To the Editor:

Rubio et al. (1) reported in Cancer Research that adipose tissue–derived stem cells acquired a transformed phenotype after long-term culture in vitro. This article has been cited together with our article published in the same issue (2) as evidence for the malignant transformation potential of stem cells by the news media. Whereas our study showed the dangers of having a continuous high level of telomerase activity during long-term in vitro culture of adult stem cells, the study of Rubio et al. employed what seemed to be “normal” cells. We have previously cultured several strains of normal human bone marrow–derived mesenchymal stem cells and we have not observed “immortalization” of the cells (3). Unfortunately, the authors refer to our cells as another example of the human adipose-derived MSC, which is not correct. The differences between our study and the study by Rubio et al., therefore, need clarification because they may have an important effect on the stem cell field. It is possible that the donors employed by Rubio et al. were harboring a disease and the clinical data related to these donors need to be provided as well as the reason for undergoing the surgical procedure. Furthermore, growth curves of the individual cell lines established should be provided and the authors should provide data showing at which population doubling level the cells entered crisis. Finally, the high percentage of the transformation events and the similarity between the cell lines described require proof that the cells that formed the tumors were the cells present at the beginning of the culture by using DNA fingerprinting. These issues are important to resolve because they are important for the stem cell community as a whole.

In Response:

In our previous paper (1), we referred to Serakinci's work (2) as an example of human adipose-derived mesenchymal stem cells when they really worked with bone marrow–derived mesenchymal stem cells. We apologize for the confusion that this may have produced among readers.

In response to Dr. Kassem's comments, we would like to clarify that our samples of mesenchymal stem cells were always obtained from appendicitis surgical procedures of patients with no other diseases. In our article, we commented that mesenchymal stem cells reached a senescence phase after 2 months in culture, equivalent to 20 population doublings. After bypassing the senescence phase, all mesenchymal stem cells continued to grow until reaching a crisis phase, 8 months (45 population doublings) after senescence bypass. This growth curve is the rule when working with mesenchymal stem cells. The growth curve reached a plateau for ∼2 weeks during the senescence phase.

Dr. Kassem cautions about the possible existence of contamination (another cell line) of the samples that became transformed. Because this was a major concern for us, we took some safety checkpoints. Anytime transformation was confirmed, we recultured an aliquot of the original mesenchymal stem cells, frozen at the second initial passing. We then maintained these samples under the culture conditions described in the paper and obtained the same results: transformation among aliquots of samples that had already became tumorigenic and death among aliquots of samples that never did. This fact points to some genetic susceptibility in the spontaneous transformation of mesenchymal stem cells. In addition, we transduced mesenchymal stem cells with retroviral vectors and enhanced green fluorescent protein expression was maintained both in the pretransformed and in the posttransformed mesenchymal stem cells. Another important point was the fact that the same type of malignant transformation was observed in human as well as in murine adipose-derived mesenchymal stem cells. Taken together, these data support the idea that spontaneous transformation of adipose-derived mesenchymal stem cells had occurred in vitro. We also think that the transformation capacity of mesenchymal stem cells is not universal, but there is a still unknown susceptibility in some, but not all, mesenchymal stem cell samples. We agree with Dr. Kassem that this is an exciting field of research, with clear importance when thinking in the clinical use of in vitro–expanded human mesenchymal stem cells.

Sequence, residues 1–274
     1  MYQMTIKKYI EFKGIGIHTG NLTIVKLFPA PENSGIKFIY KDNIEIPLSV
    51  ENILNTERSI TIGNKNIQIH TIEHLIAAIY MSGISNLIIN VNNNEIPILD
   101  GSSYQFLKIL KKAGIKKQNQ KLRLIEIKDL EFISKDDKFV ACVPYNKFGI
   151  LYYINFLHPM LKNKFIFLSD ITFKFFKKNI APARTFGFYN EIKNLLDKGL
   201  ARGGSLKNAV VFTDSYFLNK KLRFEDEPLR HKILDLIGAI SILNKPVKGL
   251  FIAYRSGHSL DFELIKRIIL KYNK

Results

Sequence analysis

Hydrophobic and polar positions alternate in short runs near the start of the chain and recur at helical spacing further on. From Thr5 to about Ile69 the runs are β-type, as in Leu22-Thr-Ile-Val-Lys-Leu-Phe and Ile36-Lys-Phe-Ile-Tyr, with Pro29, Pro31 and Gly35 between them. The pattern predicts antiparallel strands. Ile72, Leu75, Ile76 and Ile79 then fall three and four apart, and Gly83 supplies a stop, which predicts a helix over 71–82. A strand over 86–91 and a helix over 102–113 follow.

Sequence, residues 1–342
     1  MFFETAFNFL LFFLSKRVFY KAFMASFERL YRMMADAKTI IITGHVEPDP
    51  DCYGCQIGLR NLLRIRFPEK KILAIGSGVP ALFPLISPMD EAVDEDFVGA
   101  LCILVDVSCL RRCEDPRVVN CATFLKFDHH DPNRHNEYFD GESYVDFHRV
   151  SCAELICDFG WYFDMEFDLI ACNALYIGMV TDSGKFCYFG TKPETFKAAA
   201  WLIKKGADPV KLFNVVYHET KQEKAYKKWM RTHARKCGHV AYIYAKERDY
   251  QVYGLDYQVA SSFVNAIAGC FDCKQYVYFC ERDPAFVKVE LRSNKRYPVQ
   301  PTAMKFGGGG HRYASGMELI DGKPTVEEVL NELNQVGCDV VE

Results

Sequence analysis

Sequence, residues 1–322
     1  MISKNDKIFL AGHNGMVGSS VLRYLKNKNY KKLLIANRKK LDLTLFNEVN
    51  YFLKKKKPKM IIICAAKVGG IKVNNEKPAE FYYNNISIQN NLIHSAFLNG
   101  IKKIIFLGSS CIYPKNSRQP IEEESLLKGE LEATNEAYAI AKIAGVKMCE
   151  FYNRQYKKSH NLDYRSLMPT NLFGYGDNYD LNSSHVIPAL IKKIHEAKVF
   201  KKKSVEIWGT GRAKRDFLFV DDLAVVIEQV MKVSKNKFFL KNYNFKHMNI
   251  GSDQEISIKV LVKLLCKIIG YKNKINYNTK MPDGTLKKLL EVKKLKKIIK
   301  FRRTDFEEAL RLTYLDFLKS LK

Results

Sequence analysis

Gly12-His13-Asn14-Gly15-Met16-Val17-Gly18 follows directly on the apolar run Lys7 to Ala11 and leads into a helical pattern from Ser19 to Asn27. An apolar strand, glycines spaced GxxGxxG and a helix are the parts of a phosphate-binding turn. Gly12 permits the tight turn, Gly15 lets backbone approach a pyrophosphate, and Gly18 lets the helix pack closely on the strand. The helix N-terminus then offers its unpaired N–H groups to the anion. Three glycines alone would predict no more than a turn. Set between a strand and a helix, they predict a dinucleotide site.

References

1
Rubio D, Garcia-Castro J, Martín MC, et al. Spontaneous human adult stem cell transformation.
Cancer Res
2005
;
65
:
3035
–9.
2
Serakinci N, Guldberg P, Burns JS, et al. Adult human mesenchymal stem cell as a target for neoplastic transformation.
Oncogene
2004
;
23
:
5095
–8.
1
Rubio D, Garcia-Castro J, Martin MC, et al. Spontaneous human adult stem cell transformation.
Cancer Res
2005
;
65
:
3035
–9.
2
Burns JS, Abdallah BM, Guldberg P, Rygaard J, Schroder HD, Kassem M. Tumorigenic heterogeneity in cancer stem cells evolved from long-term cultures of telomerase-immortalized human mesenchymal stem cells.
Cancer Res
2005
;
65
:
3126
–35.
3
Stenderup K, Justesen J, Clausen C, Kassem M. Aging is associated with decreased maximal life span and accelerated senescence of bone marrow stromal cells.
Bone
2003
;
33
:
919
–26.